Seven years ago, Elena Davis was sitting at an intersection when a homeless woman approached her car. She immediately began to rummage around for spare change. But, when she rolled down the window to hand over the coins, Elena was surprised to be met with a different request.
The woman didn’t want money. She wanted water.
Elena was floored by the realization that something so essential to human life was out of reach for many of America’s homeless population.
“The homeless woman asking for water was kind of literally [the] key that opened this lock,” Elena said. “And, I haven’t stopped since that request.”
What Elena hasn’t stopped doing is providing clean, safe drinking water to homeless populations across the country. Her Houston, Texas-based nonprofit, I Am Waters, has supplied more than 3.5 million bottles of water to its shelter partners in 14 cities and six states.
“We’re the only nonprofit in the United States serving this particular need and it’s a huge need,” Elena said.
As public water fountains teeter on the brink of extinction and less investment is made in water infrastructure, gaining access to safe drinking water is becoming an increasingly fraught process for homeless individuals. The demand for Elena’s assistance to combat that trend has been high.
“We only did eight shelters to build up the model the first summer,” Elena said. “And, we immediately started getting calls from Arizona, New York, Pennsylvania, Florida saying, ‘Are you going to come here? We need water.’”
“The thing that I heard most commonly in that first year and a half of doing this was ‘Why hasn’t anyone thought of this before?’”
I Am Waters delivers bottled water to 42 shelter partners, including six Salvation Army locations spread across Houston, Austin and Dallas, Texas, and Tulsa and Oklahoma City, Oklahoma. The nonprofit also services Covenant House locations in New Orleans, New York City and Washington, D.C.
The brand is carried in some stores, with 100 percent of the net proceeds going back to the nonprofit. Distributors include limited Whole Foods locations in Texas, Arkansas, and Oklahoma, and 150 Timewise Food Stores.
For Elena, making the decision to become an advocate for the homeless wasn’t just the right thing to do – it was personal.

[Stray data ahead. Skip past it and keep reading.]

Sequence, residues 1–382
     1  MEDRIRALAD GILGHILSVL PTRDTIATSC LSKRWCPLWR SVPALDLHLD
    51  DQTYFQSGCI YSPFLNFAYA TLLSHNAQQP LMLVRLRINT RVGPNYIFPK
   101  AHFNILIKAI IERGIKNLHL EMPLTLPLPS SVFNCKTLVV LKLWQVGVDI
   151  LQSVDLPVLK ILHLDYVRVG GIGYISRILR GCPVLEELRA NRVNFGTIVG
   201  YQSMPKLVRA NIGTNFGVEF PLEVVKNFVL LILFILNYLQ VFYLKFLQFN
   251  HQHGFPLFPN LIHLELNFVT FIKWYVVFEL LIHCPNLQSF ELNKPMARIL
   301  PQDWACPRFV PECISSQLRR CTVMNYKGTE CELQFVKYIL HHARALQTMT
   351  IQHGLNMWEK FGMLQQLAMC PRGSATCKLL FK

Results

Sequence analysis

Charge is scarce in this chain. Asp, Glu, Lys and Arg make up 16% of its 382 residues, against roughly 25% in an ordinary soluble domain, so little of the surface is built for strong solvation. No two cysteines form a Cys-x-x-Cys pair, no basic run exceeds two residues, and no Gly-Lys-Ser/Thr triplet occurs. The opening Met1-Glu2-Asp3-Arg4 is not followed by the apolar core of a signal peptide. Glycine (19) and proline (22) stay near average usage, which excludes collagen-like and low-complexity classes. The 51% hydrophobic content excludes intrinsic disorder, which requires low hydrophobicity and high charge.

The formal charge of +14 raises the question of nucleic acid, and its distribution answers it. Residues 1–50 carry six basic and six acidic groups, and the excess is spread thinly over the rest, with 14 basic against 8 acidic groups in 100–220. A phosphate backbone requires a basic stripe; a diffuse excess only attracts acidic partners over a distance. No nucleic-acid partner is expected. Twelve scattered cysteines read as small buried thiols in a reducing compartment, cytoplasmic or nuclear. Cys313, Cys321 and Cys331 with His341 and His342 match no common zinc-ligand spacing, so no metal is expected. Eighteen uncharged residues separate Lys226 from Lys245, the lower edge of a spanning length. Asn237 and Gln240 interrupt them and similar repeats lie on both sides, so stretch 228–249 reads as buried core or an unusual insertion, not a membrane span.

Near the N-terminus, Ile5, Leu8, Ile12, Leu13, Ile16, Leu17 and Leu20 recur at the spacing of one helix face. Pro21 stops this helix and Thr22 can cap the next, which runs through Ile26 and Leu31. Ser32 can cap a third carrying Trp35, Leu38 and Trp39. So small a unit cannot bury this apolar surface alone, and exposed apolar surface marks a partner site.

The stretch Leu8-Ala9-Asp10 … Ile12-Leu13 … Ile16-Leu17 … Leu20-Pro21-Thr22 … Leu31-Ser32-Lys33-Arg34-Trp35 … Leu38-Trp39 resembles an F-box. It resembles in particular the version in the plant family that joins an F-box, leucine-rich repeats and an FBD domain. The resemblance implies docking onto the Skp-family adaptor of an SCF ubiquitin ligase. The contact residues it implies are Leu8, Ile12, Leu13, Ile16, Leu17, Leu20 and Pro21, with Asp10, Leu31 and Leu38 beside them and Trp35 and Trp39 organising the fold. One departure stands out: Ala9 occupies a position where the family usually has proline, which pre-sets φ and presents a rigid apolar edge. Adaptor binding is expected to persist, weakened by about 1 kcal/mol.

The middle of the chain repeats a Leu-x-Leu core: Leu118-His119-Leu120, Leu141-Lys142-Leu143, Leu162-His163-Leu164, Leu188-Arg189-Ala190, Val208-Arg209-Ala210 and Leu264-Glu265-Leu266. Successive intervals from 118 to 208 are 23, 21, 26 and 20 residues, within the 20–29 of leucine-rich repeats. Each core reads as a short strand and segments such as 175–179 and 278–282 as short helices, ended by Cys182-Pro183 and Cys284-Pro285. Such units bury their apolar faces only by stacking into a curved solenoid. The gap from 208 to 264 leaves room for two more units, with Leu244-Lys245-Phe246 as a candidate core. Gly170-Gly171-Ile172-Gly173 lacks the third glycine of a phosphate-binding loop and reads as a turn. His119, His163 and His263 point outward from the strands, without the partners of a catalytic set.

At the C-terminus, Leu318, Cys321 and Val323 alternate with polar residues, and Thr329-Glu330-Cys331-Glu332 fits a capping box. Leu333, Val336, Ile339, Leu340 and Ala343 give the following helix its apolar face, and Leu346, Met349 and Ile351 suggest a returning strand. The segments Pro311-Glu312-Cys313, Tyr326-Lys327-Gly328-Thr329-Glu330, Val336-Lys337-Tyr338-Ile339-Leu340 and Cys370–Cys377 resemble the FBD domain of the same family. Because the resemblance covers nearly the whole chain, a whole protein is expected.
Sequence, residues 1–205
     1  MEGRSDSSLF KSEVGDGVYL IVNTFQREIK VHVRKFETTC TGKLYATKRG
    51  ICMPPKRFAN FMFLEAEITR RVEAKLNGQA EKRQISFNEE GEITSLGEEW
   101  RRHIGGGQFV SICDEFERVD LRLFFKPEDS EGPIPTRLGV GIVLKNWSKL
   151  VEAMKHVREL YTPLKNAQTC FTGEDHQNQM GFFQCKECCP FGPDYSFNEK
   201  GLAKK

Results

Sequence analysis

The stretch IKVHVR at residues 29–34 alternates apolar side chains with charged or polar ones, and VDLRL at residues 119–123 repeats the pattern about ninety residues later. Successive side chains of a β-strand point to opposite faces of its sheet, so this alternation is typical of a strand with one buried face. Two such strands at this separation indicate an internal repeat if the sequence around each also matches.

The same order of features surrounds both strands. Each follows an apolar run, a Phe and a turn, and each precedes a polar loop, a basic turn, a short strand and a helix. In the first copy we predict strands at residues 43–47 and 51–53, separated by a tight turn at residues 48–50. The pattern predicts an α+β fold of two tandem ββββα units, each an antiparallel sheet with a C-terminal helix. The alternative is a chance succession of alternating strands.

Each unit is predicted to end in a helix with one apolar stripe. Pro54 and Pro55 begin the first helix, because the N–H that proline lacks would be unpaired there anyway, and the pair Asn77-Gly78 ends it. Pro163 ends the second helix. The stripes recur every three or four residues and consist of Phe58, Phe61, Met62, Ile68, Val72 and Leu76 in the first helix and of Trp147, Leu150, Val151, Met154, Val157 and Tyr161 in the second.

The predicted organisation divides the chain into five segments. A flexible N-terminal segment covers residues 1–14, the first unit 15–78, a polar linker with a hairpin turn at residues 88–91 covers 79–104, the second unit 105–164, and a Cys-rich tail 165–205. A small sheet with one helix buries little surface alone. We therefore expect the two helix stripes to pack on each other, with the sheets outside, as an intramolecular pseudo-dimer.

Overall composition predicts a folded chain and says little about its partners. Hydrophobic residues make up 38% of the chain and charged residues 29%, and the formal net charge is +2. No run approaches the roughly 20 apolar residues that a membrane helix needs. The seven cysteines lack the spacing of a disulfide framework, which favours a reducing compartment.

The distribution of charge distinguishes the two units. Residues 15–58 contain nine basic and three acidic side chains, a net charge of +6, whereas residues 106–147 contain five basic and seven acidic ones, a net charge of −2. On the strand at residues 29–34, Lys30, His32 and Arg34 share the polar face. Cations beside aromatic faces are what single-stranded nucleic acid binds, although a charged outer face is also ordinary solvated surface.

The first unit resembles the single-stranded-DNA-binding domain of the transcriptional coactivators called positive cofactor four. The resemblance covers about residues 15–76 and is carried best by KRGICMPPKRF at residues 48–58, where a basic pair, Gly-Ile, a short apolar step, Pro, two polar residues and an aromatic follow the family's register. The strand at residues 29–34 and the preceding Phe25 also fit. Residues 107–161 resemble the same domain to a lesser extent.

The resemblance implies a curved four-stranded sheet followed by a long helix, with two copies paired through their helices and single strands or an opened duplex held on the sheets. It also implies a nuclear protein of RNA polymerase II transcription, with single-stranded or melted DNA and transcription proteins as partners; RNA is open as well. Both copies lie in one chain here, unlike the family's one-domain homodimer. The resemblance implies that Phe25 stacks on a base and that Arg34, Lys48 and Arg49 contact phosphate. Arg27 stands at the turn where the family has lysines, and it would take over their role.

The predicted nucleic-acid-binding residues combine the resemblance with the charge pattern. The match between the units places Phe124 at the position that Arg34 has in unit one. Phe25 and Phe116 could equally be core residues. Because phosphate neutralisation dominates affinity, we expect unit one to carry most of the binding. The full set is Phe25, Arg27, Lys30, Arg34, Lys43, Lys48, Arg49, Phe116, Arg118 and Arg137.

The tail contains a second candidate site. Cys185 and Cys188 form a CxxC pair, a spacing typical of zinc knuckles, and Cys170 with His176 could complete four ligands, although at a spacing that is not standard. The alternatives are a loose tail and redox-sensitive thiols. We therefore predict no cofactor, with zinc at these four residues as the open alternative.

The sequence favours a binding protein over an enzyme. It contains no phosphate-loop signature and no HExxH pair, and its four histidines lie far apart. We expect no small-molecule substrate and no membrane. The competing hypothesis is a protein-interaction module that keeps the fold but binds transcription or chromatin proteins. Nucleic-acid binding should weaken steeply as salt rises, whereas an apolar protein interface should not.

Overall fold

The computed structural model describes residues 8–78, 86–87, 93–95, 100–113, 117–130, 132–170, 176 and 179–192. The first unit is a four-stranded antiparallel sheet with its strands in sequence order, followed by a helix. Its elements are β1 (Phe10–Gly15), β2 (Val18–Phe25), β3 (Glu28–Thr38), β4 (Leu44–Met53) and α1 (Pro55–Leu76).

“I don’t think I would have been so deeply impacted by that woman’s request for water at that intersection had it not been for this history that I was carrying,” Elena said.
During her childhood, Elena moved frequently with her three siblings as their mother searched for work. By the time she was 14, she had attended 12 different schools in 12 different cities.
“We just had this very chaotic life,” she said. “While we didn’t have issues accessing water, we didn’t have enough food to eat.”
Eventually, the family settled in Hollywood, California, where Elena’s fortunes changed. At 16 years old, she was discovered by an agent and picked up by Ford Models. She modeled for 15 years in New York and Paris, always carefully guarding the secret of her humble beginnings.
“After I moved to Paris, I never spoke about where I came from, ever,” Elena said.
That secret past is now an asset to Elena, informing the way she operates and identifies with people in need.
Each I Am Waters bottle is labeled with a signature heart and bright blue letters that spell out one of four words – hope, love, peace or dream. The messages are, in a way, love notes – meant not only to inspire, but also to make the homeless women, men and children that receive a bottled water feel cared for and acknowledged.
This month, I Am Waters released a combined qualitative and quantitative study, co-created by U.T. Health Science Center and UCLA, that evaluated the impact of I Am Waters’ packaging on the recipients of the water bottles.
“What we’ve learned from the study is that the most important thing to the homeless absolutely is the water, yes, but [also] importantly it’s the word,” Elena said.
According to the study’s findings, the words on the label serve as powerful messages that seed positivity and help to “reassure that their life can change if they still keep love, hope, peace and their dreams alive.”
One of the words – hope – made a significant difference in the life of Amanda Kelley. After losing her mother and brother in a house fire, Amanda’s life spiraled out of control. She fell prey to a series of abusive relationships, and eventually found herself homeless and seeking assistance at the Women and Children’s Shelter in Austin, Texas.
“The homeless shelter passed out the bottles of water, and I really didn’t think about it,” Amanda said. “Then, I was sitting on the crosstown bus waiting and looking at the bottle – and it hit me about having hope.”
“I started connecting in my mind that having hope is okay. When I got told ‘no,’ I started thinking about how I can get a ‘yes.’”
“[The word] hope is all over my house now,” shared Amanda, who is now happily married and working toward her bachelor’s degree in human services. “A lot of blessings came with having hope.”
It’s stories like Amanda’s that drive Elena to do more to expand the reach of I Am Waters, including diversifying the organization by adding new programs. Next on the horizon is I Am Jobs.
“It’s a huge hole in the continuum of care … helping the homeless source jobs, transportation,” Elena said. “That is our next big push.”
This post was written by Jia Gayles.